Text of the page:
Kevin, what hand piece are you using? 

The QC 720 from GRS


#15

I use the Lindsay Classic AirGraver, and swap out to the Badeco when
I need more horsepower. I also have a couple of GRS Gravermaxes with
the 901 handpiece and a Swiss hammer handpiece. In order of ability
to wallop metal, they go from the Badeco which can hit the hardest by
far, especially with a geared motor, to the Swiss, to the Lindsay
(with the optional tungsten piston) to the GRS, which is a little on
the wimpy side and isn’t up to hammering thick 18K white gold bezels.

The GRS 901 handpiece can be beefed up with the heavier spring which
makes it almost as powerful as the Lindsay and tungsten piston combo,
but still considerably less than either the Swiss or Badeco
handpieces. But it does so at a cost.

In the controllability and adjustability category, they go in order
from the best which is the Lindsay to the GRS to the Badeco then to
the Swiss. It is worth noting that a good solid-state pedal and a
gear reduced flexshaft like the old Foredom Series EE increase the
control, power and adjustability of the rotary hammers significantly.

In the affordability category, the least expensive is the Swiss
handpiece, followed by the Badeco, then a major jump to the GRS and
finally the Lindsay (with the GraverMach and Magnum handpiece combo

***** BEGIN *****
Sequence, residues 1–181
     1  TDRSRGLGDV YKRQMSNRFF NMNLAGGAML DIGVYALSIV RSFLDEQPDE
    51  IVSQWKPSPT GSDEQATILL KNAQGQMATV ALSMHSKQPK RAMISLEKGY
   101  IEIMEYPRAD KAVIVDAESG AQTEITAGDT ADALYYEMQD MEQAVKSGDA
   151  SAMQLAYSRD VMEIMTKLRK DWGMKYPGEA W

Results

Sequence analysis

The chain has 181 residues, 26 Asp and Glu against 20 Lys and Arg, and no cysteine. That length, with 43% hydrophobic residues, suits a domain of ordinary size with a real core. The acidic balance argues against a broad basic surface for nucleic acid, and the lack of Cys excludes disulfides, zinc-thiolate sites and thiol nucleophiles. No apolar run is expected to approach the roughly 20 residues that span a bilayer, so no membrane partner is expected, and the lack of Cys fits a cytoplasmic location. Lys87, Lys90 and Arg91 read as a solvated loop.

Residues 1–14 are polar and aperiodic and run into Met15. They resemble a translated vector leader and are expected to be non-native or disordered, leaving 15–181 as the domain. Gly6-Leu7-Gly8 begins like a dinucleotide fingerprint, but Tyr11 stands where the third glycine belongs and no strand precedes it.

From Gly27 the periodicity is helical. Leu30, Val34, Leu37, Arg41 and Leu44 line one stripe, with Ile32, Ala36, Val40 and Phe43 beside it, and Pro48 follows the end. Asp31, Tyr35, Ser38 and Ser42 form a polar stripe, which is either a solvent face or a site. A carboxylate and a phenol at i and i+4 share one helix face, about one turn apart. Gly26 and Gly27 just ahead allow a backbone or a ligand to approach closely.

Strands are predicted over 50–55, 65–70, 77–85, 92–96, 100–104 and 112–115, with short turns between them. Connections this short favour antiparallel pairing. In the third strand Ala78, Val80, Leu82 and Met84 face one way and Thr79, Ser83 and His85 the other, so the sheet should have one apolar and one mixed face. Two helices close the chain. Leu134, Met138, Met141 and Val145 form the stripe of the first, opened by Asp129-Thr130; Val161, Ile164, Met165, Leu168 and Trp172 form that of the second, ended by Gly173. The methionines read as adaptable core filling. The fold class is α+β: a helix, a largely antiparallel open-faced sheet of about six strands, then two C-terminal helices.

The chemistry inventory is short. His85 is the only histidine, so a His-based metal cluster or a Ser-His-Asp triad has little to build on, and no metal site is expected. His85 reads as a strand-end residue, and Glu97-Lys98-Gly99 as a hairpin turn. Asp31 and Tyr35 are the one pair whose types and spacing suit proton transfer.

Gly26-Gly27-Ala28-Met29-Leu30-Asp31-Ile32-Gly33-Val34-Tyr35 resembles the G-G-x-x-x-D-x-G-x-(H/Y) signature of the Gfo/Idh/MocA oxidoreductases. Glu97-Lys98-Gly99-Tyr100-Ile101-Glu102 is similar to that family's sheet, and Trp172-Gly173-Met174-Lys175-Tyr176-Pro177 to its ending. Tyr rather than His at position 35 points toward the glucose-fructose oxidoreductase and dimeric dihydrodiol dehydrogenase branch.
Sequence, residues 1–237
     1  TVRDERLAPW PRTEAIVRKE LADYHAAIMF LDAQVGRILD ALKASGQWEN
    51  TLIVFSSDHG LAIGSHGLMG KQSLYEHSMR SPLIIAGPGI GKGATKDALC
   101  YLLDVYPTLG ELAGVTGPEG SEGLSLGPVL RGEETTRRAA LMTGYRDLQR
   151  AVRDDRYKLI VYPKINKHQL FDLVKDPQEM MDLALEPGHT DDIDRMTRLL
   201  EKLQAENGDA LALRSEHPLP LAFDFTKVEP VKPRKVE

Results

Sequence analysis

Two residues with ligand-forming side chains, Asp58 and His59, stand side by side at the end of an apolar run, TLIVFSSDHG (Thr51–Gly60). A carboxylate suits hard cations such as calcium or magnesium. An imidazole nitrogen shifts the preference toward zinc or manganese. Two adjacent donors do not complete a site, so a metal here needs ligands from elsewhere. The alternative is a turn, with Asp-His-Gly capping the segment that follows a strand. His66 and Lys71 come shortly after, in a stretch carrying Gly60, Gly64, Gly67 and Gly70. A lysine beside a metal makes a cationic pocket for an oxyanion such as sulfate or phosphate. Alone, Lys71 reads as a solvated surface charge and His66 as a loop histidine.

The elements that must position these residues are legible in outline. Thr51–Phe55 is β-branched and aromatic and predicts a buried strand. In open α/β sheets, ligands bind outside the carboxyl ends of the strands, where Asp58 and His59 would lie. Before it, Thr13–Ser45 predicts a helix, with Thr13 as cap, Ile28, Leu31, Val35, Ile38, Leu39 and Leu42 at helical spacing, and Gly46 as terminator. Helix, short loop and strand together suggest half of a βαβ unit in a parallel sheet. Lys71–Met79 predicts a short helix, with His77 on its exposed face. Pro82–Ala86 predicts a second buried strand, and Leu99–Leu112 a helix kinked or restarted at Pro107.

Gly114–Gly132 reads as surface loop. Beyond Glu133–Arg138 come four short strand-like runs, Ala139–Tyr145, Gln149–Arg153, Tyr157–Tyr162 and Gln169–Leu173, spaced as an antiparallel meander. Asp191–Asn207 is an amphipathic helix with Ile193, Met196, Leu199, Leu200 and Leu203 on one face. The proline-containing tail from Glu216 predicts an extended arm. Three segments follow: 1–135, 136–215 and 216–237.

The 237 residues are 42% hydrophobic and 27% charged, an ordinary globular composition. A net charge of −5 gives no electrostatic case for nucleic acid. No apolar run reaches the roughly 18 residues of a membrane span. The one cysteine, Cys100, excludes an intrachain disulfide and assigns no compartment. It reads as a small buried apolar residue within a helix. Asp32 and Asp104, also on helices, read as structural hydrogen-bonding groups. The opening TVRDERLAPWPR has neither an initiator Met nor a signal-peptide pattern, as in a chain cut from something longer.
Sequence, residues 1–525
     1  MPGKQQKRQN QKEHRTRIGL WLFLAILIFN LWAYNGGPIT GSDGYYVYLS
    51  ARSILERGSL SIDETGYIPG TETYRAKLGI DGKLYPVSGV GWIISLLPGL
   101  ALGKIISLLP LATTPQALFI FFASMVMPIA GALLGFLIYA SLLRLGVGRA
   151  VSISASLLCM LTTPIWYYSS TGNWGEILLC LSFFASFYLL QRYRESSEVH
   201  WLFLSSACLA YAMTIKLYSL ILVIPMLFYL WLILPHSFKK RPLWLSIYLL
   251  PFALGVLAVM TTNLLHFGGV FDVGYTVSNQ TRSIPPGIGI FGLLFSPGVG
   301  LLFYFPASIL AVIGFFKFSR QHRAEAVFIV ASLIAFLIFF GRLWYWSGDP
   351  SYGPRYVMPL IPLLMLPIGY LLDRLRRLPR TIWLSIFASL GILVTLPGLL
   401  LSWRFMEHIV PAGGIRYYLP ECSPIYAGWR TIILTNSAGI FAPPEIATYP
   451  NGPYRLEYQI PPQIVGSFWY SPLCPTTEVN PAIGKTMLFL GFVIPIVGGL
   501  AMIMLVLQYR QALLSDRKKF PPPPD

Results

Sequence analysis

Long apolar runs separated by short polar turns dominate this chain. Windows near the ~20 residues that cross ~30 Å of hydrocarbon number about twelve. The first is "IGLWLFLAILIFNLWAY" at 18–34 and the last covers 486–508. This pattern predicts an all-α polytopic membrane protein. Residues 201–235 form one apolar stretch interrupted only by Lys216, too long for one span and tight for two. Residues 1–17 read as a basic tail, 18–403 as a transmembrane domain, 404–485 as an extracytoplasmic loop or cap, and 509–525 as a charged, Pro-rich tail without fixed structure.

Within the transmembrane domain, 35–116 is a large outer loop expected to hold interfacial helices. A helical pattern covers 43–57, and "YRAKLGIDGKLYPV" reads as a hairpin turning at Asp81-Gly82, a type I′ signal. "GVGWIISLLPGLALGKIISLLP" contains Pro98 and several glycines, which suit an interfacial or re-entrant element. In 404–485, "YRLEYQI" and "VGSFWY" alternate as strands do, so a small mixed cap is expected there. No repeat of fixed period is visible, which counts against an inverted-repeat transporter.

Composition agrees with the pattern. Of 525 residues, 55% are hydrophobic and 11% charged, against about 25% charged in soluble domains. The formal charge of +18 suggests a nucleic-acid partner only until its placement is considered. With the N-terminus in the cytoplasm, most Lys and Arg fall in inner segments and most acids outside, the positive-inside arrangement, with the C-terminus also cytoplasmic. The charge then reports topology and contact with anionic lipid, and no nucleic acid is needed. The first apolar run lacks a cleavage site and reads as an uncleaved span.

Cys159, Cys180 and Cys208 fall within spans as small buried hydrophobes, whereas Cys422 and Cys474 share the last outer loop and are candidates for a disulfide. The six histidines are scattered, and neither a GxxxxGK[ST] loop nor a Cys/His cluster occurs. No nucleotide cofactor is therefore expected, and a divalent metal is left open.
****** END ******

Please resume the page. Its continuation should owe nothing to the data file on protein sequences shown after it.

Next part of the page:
costing more than the Lindsay Classic). I would add that the quality
of the tools (and their lifespan) is mirrored in their prices as
well.

You really can’t go wrong with any of these fine tools, but if
hammering metal is your only need, I would recommend staying with the
flexshaft powered hammers. The extra price for the tools and
compressor isn’t worth it for just a hammer handpiece. If your
compressor is still working Vince, an air powered handpiece remains a
good option, but either the GraverMach or Lindsay without a
compressor will set you back more than double what a new flexshaft,
pedal and handpiece combined costs. And neither one hits as hard.

The air powered handpieces are definitely more adjustable and
controllable, even if they are weaker in the hammering department.
But they have far more usefulness beyond just as a hammer, where the
flexshaft models really do only one thing. The standard mushroom
handle on the air powered handpieces also makes them quite a bit more
user friendly, the super light tube on the Lindsay makes it feel
almost like a plain push graver.

If hammering power is the most important factor, the rotary
handpieces win the contest hands down and the Badeco beats the bezels
out of all of them.

If you are near Durham NC, I’d be glad to let you try all of them
side by side and see if you agree with my assessment.

No affiliation with any of these companies. I just love tools and
banging on metal.

Dave